IN JANUARY, I took part in the March for Life Rally on the National Mall in Washington, D.C. While I waited for my turn on stage, I warmed myself in the hospitality tent and mingled with interesting people in the backstage area. Soon after I arrived, I had been given an “all-access pass” — a piece of laminated cardboard that allowed me to enter this secure area and move about freely.
That evening after the march, as I disposed of the pass, I was struck by the words printed on it. I asked myself, “Does Jesus have an ‘all-access pass’ to every facet of my life? Or are there hidden chambers in my heart from which I’ve blocked him?” No doubt there are. Maybe you will find the same. So this Lent, why not give the Lord an “all-access pass” to your inmost self?
Easier said than done, of course. As we read in the Book of Jeremiah, “More tortuous than anything is the human heart, beyond remedy; who can understand it?” God answers the prophet’s question: “I, the LORD, explore the mind and test the heart” ( Jer 17:9-10). In the same vein, the Gospel of John notes that Jesus “did not need anyone to testify about human nature” (Jn 2:25). Christ knows us better than we know ourselves.
We do not grant Jesus access to our hearts so that he can find out what’s going on there. Rather, it is so that he can help us come to terms with ourselves. We ask him to walk with us as we peer into the unhallowed hollows of our hearts. What might they be?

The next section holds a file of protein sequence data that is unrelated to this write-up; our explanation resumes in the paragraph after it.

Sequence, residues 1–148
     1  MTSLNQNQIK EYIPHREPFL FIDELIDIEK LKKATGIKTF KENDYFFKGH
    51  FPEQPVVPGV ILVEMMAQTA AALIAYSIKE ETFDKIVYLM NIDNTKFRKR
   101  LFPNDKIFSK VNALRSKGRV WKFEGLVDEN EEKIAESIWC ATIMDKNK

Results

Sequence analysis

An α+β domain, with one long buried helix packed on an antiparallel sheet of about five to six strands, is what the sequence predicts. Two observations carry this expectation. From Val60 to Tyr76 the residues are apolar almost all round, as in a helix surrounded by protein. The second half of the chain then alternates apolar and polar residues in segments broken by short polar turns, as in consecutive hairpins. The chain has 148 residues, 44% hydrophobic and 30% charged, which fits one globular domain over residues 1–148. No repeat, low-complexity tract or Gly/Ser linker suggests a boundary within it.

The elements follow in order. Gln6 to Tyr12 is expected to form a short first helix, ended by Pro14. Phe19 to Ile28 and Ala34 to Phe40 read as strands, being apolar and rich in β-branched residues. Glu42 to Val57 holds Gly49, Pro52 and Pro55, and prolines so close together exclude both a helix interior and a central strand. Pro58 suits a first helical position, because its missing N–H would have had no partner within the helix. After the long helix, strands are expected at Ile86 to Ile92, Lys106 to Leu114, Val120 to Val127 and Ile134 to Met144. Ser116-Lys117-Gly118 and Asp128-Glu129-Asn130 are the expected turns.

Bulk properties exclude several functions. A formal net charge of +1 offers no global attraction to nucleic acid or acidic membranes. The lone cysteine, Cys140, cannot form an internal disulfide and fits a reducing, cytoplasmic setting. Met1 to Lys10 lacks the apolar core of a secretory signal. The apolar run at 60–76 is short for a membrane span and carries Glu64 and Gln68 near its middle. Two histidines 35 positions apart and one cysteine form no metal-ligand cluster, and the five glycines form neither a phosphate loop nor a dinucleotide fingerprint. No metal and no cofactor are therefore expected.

‘We do not grant Jesus access to our hearts so that he can find out what’s going on there. Rather, it is so that he can help us come to terms with ourselves.’
As Knights of Columbus, we claim charity as our first principle — but charity is not limited to the good works we Knights engage in on such a massive scale. Charity also pertains to the heart. Adhering to the God who is love, we are to love as God loves. Are there hidden spaces in our hearts where we harbor anger, resentment, grudges? Recall that Jesus condemned not only outward wrath and violence but also anger of the heart (see Mt 5:21-22). Appearing to be charitable while harboring inward hatred or indifference will not do; hidden anger eventually surfaces. Therefore, this Lent, let us ask the Lord to cleanse our hearts of anger and hatred.
Consider another founding principle: unity. We profess one God in three divine persons and strive in our diversity to imitate the unity of the Trinity. We seek unity in the Order, in the Church and in wider society. Yet, while outwardly championing unity, we may find divisive attitudes and thoughts lurking in our hearts. The heart is where we hatch plots to manipulate others in order to get our own way in matters big and small. It is where we scheme to advance our pet plans, without giving sufficient thought to the common good. A heart alienated from the Lord will sow division. Lent is the time to allow Christ to cleanse our hearts of every divisive attitude.
What about fraternity? Our fraternity is rooted in God as our Father and Christ, our Redeemer, as our brother. Our bonds of fraternity as Knights flow from this profound truth. We are to be a force for solidarity in the Church, the Order and wider society. Yet, how easy it is to think we are better than others or to harbor a spirit of rivalry. Equally damaging to fraternity is indifference to the plight of brother Knights and their families and anyone else in need. It is so easy to absorb such attitudes from our “me first” culture. In this season of grace, let us allow Christ to cleanse our hearts from thoughts and feelings that undermine fraternity.
Many other sinful attitudes can lodge themselves in our hearts. If, this Lent, we invite Christ to shine the purifying light of his love into every corner of our souls, we will experience great freedom and joy when Easter Sunday dawns upon us.
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